Indian films dealing with cross-border issues haven’t had much luck getting past Pakistani censors in the past. So Bollywood fans in Pakistan couldn’t have been very positive about Bajrangi Bhaijaan’s chances of releasing there, given that it concerns Salman Khan transporting a mute girl across the border. After the trailer released, Dawn ran a cautiously optimistic piece quoting Zain Wali of Eveready Pictures (the distributors of the film in Pakistan), who said that Bajrangi Bhaijaan “is set to release on Eid and this is 102 percent confirmed".

Until yesterday, it seemed very likely that that Bajrangi Bhaijaan would release in Pakistan this weekend. Two of the country’s major censor boards (Pakistan’s provinces have their own censor authorities) had cleared the film. The Central Board of Film Censors (CBFC) – which covers the Islamabad Capital Territory, cantonments around the country, and Khyber Pakhtunkhwa –awarded it a certificate, albeit with ‘several cuts’, according to a statement by chairman Mobashir Hasan to The Express Tribune. The Sindh Board of Film Censors (SBFC) also cleared the film. Its chairman, former singer and actor Fakhr-e-Alam, tweeted: “Infact bajrangi bhai jaan is the most positive film for Pakistan that bollywood has produced in a long time. Totally unexpected."

Given that Bajrangi director Kabir Khan’s last film with Salman, Ek Tha Tiger, wasn’t passed by the censors there (its lead characters were ISI and RAW agents), the film’s smooth passage is also fairly unexpected. Other Indian films concerning Pakistan, Kashmir or the ISI haven’t been that lucky: Tere Bin Laden, Agent Vinod, Khiladi 786, Lahore, Haider and Baby were all denied censor certificates, while Jab Tak Hai Jaan almost missed out on a Pakistan release. That Bajrangi managed to get past the censors points not only to the popularity of Salman, and Bollywood in general, across the border but also to the fact that the film seems engineered for mass appeal and is unlikely to risk ruining its commercial prospects by inserting any political message more complex than “we are all the same".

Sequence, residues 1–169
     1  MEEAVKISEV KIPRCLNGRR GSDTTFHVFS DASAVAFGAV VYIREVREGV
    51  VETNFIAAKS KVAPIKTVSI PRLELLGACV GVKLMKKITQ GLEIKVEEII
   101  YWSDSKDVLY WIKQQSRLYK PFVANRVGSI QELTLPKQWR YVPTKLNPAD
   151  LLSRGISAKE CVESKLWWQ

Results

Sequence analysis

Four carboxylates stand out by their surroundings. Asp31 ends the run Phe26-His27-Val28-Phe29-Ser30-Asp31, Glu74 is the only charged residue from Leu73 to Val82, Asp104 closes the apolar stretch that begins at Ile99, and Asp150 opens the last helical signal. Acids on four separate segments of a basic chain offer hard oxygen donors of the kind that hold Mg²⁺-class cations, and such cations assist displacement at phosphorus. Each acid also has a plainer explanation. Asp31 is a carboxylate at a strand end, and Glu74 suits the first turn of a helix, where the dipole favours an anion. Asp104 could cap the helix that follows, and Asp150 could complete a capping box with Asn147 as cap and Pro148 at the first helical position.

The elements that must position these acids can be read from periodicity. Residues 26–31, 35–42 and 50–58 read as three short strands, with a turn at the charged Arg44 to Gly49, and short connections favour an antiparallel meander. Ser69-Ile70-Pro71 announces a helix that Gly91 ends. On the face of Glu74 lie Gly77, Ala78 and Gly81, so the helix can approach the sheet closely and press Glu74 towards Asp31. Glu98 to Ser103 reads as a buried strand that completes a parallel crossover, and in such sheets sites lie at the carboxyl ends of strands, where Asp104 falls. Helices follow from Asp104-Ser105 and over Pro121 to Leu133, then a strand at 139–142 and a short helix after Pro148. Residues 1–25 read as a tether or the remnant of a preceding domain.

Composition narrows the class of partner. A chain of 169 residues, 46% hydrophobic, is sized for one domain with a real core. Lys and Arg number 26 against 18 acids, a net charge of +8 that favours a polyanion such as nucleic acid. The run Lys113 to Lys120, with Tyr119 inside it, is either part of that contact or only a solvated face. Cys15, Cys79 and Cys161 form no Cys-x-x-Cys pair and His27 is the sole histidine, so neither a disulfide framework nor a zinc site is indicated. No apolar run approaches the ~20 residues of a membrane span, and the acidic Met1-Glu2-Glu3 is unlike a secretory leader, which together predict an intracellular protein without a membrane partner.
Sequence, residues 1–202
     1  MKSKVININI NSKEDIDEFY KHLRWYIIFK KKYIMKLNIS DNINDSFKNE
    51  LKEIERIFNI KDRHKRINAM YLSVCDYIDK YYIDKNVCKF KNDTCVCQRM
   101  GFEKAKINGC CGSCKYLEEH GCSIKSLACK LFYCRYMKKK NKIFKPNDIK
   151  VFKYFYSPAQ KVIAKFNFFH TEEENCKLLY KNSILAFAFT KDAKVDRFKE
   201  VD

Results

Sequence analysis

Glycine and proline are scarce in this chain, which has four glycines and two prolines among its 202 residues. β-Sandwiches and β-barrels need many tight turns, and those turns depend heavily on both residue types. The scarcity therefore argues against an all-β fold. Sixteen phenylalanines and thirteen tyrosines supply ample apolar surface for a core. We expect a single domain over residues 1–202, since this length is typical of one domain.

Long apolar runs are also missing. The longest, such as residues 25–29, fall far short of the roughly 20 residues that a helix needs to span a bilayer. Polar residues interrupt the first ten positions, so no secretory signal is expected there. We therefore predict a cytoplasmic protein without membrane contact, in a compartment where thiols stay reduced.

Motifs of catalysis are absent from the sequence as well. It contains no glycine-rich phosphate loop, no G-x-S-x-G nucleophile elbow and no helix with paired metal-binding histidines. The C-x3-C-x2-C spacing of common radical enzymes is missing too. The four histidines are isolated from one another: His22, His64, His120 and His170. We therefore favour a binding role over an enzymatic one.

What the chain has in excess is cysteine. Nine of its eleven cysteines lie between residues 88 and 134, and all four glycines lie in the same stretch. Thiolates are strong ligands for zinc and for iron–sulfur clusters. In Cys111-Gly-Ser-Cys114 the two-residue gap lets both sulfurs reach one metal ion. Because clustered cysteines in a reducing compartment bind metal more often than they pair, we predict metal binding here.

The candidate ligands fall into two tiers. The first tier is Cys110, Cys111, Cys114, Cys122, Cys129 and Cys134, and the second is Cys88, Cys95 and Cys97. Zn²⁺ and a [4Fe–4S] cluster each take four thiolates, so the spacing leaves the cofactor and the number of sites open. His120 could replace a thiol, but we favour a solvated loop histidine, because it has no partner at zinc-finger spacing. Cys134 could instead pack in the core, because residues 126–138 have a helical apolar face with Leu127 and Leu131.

Yet, despite surviving the censors, a legal wrangle has resulted in the film’s release being put on hold. A couple of days ago, EMI Pakistan sent a notice to Satish Anand, CEO of Eveready Pictures, alleging that that film hadn’t acquired the rights to the famous qawwali Bhar Do Jholi (sung by Adnan Sami in the film) from them. Anand offered to remove the song for the Pakistan release, but EMI refused, saying that the licensing would have to be acquired and that they were considering working “internationally to stop the release if they do not settle the matter amicably".

While Bajrangi’s Eid release in Pakistan now looks rather unlikely, in what is probably a first, a Pakistani film will have an Eid release in India. The import in question is Bin Roye, which is directed by Momina Duraid and Shehzad Kashmiri and stars Mahira Khan, who will appear alongside Shah Rukh Khan in Raees next year. Sadly, the Maharashtra Navnirman Sena (MNS) has rained on this show of cross-border cultural bonhomie, insisting that the film be pulled from all theatres in Maharashtra.

The MNS allegedly wrote to the B4U Films, Bin Roye’s distributor, on July 10, warning them of consequences if they released the film in the state. Ameya Khopkar, president of the Maharashtra Navnirman Chitrapat Karmachari Sena, the film wing of the MNS, told Mumbai Mirror, “We opposed the release of the film in Maharashtra since it is a Pakistani film. We don’t want a Pakistani film here when they are attacking us." B4U has reportedly agreed to this ‘ban’, and will only release the film in other states.

This story has been updated since it was first published.

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